A student at a D.C. elementary school has been diagnosed with bacterial meningitis, prompting officials to alert parents of the diagnosis and urge them to have their children evaluated for the disease.

An epidemiologist at the District’s Department of Health sent a letter Friday to parents whose children attend Burrville Elementary School in Northeast Washington and had been in contact with the infected student.

Bacterial meningitis is a contagious and potentially deadly bacterial infection that leads to inflammation of the tissue that covers the brain and spinal cord.

“Exposed persons can prevent themselves from getting sick by taking an antibiotic, which is most effective if it is started as soon as possible after their exposure,” the letter to Burrville families read. “Please take your child to their healthcare provider for an evaluation for this medication as soon as possible, along with this letter.”

This is the District’s third case of bacterial meningitis this year, according to the Health Department. The two other patients were adults. One person died.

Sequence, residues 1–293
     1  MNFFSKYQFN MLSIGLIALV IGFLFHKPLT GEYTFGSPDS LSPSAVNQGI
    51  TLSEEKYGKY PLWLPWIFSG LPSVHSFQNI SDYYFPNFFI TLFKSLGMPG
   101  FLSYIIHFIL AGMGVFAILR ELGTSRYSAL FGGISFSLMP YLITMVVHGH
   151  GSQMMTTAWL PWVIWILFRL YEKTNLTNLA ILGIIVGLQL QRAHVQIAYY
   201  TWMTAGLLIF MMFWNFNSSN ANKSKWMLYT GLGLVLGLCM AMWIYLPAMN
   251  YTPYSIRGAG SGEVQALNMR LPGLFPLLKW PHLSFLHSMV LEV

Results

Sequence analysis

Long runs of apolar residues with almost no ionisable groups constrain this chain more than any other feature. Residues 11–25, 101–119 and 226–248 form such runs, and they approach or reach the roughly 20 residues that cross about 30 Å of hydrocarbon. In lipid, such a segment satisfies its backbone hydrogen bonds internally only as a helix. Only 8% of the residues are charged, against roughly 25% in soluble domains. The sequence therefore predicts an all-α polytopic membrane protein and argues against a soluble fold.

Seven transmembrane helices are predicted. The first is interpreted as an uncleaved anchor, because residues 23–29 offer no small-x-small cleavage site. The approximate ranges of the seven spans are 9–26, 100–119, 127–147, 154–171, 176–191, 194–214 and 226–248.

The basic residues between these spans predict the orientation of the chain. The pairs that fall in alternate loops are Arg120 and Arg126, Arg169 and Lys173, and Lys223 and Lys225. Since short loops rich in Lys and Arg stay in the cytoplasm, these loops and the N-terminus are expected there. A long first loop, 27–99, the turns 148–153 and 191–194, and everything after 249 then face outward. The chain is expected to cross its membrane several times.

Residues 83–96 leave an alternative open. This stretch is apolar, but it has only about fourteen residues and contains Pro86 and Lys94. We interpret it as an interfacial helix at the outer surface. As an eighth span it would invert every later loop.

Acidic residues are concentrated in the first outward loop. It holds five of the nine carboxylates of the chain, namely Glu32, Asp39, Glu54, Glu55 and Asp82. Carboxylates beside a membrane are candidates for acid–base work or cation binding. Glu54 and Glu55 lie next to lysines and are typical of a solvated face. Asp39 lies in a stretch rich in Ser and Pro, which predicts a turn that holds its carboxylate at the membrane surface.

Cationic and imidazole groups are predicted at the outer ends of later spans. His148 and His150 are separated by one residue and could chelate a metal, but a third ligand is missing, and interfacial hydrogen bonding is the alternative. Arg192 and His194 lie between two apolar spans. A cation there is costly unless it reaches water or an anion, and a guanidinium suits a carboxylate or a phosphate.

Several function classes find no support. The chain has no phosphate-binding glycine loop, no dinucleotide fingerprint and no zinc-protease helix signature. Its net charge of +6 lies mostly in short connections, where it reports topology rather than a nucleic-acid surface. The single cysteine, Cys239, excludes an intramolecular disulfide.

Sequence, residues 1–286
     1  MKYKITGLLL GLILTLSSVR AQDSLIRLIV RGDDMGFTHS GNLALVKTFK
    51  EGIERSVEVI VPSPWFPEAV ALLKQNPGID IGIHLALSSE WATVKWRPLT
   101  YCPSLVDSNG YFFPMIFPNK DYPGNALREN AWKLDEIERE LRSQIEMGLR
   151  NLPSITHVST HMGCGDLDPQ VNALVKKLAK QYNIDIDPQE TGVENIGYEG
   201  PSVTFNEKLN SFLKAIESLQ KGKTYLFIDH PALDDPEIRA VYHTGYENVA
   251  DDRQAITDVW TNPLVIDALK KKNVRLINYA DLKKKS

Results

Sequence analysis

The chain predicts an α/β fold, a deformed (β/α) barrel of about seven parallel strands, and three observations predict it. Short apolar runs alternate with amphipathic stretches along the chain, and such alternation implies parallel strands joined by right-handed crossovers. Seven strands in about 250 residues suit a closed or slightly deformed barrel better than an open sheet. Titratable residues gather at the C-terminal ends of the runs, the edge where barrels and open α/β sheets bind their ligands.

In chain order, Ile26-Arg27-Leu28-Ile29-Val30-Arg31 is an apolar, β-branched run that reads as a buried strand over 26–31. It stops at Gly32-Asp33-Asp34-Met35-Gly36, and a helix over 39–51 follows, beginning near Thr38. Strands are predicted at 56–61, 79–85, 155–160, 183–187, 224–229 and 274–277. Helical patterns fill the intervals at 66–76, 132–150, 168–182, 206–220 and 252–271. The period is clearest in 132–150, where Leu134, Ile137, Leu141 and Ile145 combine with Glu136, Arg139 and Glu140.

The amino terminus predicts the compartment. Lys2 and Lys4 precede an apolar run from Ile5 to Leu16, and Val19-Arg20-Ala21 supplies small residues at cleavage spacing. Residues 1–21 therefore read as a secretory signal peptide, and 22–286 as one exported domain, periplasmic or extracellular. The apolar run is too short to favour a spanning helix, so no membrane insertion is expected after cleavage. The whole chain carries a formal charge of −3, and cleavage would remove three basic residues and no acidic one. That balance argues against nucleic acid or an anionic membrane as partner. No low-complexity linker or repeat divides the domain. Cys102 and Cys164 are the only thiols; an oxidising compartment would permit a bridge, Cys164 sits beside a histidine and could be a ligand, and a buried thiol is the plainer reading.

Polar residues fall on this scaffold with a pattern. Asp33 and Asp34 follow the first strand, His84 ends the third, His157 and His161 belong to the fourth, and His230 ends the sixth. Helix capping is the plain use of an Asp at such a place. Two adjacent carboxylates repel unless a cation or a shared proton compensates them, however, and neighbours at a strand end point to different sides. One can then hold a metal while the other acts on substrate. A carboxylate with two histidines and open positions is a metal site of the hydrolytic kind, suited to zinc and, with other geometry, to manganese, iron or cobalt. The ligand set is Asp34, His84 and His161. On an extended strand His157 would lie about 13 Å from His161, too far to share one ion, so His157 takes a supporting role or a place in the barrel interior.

The adults did not live on college campuses, where students often reside in tight quarters and are more susceptible to contracting the infection.

The form of meningitis contracted by the Burrville student is caused by the bacterium Neisseria meningitidis, according to the D.C. Health Department. Symptoms typically develop three to seven days after exposure and can include headaches, back and neck pain, high fevers and nausea.

The infection can be spread through saliva or mucus.

Students in D.C. public schools must receive a meningitis vaccine when they enter sixth grade.

Burrville’s assistant principal, Chunita Pilgrim, sent another letter Monday to families at the school informing them that custodians cleaned affected classrooms in adherence to strict guidelines from the city’s health agency.

She also attached a fact sheet about the bacterial infection.

“The health of our school community is paramount,” Pilgrim wrote, “and we send positive thoughts of recovery to our ­student.”